We have just received notification of: Extension of concession to 2022 to offer programmes accredited for the contact mode through the distance mode.
At this time of the year, institutions are busy planning for the 2022 academic year. In the absence of any certainty about whether and when institutions will be able to resume uninterrupted contact learning and teaching, the Higher Education Quality Committee (HEQC) has decided to extend the concession to institutions to continue offering programmes accredited for the contact mode to be offered in the distance mode for the 2022 academic year.
We are pleased with the permission gained to continue with online work. In 2022, we are planning for a blended approach and hope that we can effectively bring in contact sessions again. We will have to watch the rhythm of the pandemic, and offer firm guidelines by the end of 2021.
Thank you to Prof Carin Runciman:
Granting freedom: The public demand for social protection
Rofhatutshedzwa Ramaswiela, a Honours intern from Sociology, contributed to the analysis for this article and is listed as a co-author.
Better safe than sorry — SA public remains skeptical about schools opening during the pandemic
Call for Papers: Democracy from Below: Decolonizing and retheorising democracy in Africa
1-2 February 2022
The Centre for Social Change and the Centre for Sociological Research and Practice at the University of Johannesburg in collaboration with the South African Centre for Digital Language Resources, invites papers for an online or hybrid colloquium that interrogates the understanding and practice of democracy in the African context.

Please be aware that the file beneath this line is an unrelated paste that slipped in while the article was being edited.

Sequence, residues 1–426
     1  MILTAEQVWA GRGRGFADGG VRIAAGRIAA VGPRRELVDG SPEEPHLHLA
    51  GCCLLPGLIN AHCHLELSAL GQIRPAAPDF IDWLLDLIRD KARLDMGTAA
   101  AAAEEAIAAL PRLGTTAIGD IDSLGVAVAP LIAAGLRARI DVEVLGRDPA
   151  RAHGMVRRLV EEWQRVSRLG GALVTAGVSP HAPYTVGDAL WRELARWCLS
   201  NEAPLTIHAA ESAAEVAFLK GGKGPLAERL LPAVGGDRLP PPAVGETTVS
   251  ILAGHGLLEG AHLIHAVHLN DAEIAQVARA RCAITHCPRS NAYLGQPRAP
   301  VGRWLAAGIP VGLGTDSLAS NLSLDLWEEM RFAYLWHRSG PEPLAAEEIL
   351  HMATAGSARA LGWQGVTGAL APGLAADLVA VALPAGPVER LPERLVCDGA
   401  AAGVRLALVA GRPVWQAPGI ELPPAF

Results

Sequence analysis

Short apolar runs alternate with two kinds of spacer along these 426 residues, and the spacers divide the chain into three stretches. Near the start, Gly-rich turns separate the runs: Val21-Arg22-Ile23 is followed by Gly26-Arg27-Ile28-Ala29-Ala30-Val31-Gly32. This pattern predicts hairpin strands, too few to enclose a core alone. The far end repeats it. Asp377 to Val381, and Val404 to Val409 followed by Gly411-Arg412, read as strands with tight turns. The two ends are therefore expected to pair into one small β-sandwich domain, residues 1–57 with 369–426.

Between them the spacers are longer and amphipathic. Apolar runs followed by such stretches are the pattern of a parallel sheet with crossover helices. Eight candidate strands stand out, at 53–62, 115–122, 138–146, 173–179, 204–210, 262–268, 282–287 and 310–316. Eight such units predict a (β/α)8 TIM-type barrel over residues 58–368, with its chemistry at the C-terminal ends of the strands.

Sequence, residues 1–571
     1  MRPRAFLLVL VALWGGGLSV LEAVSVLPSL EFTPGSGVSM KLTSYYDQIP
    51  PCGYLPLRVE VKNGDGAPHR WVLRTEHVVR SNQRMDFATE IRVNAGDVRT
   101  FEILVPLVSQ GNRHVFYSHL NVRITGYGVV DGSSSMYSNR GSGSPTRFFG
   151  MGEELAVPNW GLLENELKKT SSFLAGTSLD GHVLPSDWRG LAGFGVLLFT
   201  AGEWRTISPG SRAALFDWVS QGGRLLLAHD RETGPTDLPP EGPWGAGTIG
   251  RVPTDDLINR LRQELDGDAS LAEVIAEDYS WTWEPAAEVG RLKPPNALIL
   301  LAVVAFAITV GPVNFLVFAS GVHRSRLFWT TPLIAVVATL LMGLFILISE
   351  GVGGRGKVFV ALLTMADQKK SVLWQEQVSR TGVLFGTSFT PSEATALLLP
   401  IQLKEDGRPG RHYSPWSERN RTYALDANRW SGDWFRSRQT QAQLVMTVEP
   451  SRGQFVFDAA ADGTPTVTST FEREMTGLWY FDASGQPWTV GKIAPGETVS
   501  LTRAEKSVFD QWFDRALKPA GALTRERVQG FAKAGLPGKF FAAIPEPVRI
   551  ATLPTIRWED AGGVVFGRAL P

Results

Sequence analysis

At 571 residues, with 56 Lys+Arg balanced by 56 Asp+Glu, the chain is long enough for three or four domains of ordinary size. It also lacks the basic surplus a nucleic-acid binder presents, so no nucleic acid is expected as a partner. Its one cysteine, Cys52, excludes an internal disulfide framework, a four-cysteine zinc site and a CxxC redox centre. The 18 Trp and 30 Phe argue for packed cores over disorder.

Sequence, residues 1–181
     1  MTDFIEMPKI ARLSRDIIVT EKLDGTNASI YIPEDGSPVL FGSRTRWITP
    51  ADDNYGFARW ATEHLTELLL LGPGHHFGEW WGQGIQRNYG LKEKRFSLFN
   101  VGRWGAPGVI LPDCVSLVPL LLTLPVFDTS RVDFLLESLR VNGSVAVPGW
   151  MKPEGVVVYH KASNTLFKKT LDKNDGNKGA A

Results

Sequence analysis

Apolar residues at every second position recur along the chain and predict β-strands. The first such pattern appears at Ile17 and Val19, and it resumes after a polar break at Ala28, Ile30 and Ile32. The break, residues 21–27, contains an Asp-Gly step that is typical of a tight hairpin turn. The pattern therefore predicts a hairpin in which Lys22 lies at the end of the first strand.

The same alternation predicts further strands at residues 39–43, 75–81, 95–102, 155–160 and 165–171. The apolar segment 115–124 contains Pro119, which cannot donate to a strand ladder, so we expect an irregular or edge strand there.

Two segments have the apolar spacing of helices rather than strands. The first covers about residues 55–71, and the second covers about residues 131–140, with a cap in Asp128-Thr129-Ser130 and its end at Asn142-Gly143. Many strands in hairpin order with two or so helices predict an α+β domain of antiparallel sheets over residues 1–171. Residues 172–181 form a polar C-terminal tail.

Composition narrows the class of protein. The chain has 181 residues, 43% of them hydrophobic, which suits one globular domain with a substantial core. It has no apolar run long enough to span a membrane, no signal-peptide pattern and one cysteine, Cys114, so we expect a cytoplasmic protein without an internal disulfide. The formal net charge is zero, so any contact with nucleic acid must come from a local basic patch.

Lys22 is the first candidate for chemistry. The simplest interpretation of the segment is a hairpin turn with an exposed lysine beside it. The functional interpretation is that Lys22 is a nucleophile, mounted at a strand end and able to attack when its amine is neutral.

Click here for more info
Call for papers: Post-doctoral recruitment
Critical Arts is a peer-reviewed journal publishing 6 issues a year. Three of the six numbers are reserved for general issues and single submissions. Three are allocated to theme issues.
In collaboration with the National Institute of Humanities and Social Sciences (NIHSS), Critical Arts calls for submissions from post-doctoral researchers. Qualifying articles will be published in a double issue scheduled for late 2022 or early 2023. Conducted under the management of a skilled supervising editor, Critical Arts will offer on-the-job publication training, and is intended to introduce new scholars to the international scholarly publishing environment.
One outcome will be practice-led learning by up to 20 emergent South African university-based post-doctoral authors for the double issue, embracing the entire publishing value chain, from submission to promotion, delivering articles to international readerships.